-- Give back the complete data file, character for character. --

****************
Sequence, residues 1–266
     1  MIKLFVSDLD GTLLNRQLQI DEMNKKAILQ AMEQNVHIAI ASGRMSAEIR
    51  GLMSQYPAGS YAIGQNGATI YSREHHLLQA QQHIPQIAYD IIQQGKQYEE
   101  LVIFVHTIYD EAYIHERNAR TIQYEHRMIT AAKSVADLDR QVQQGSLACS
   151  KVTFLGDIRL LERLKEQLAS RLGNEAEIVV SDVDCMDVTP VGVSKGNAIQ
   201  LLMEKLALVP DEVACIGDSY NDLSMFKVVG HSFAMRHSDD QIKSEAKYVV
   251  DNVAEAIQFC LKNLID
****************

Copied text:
Sequence, residues 1–266
     1  MIKLFVSDLD GTLLNRQLQI DEMNKKAILQ AMEQNVHIAI ASGRMSAEIR
    51  GLMSQYPAGS YAIGQNGATI YSREHHLLQA QQHIPQIAYD IIQQGKQYEE
   101  LVIFVHTIYD EAYIHERNAR TIQYEHRMIT AAKSVADLDR QVQQGSLACS
   151  KVTFLGDIRL LERLKEQLAS RLGNEAEIVV SDVDCMDVTP VGVSKGNAIQ
   201  LLMEKLALVP DEVACIGDSY NDLSMFKVVG HSFAMRHSDD QIKSEAKYVV
   251  DNVAEAIQFC LKNLID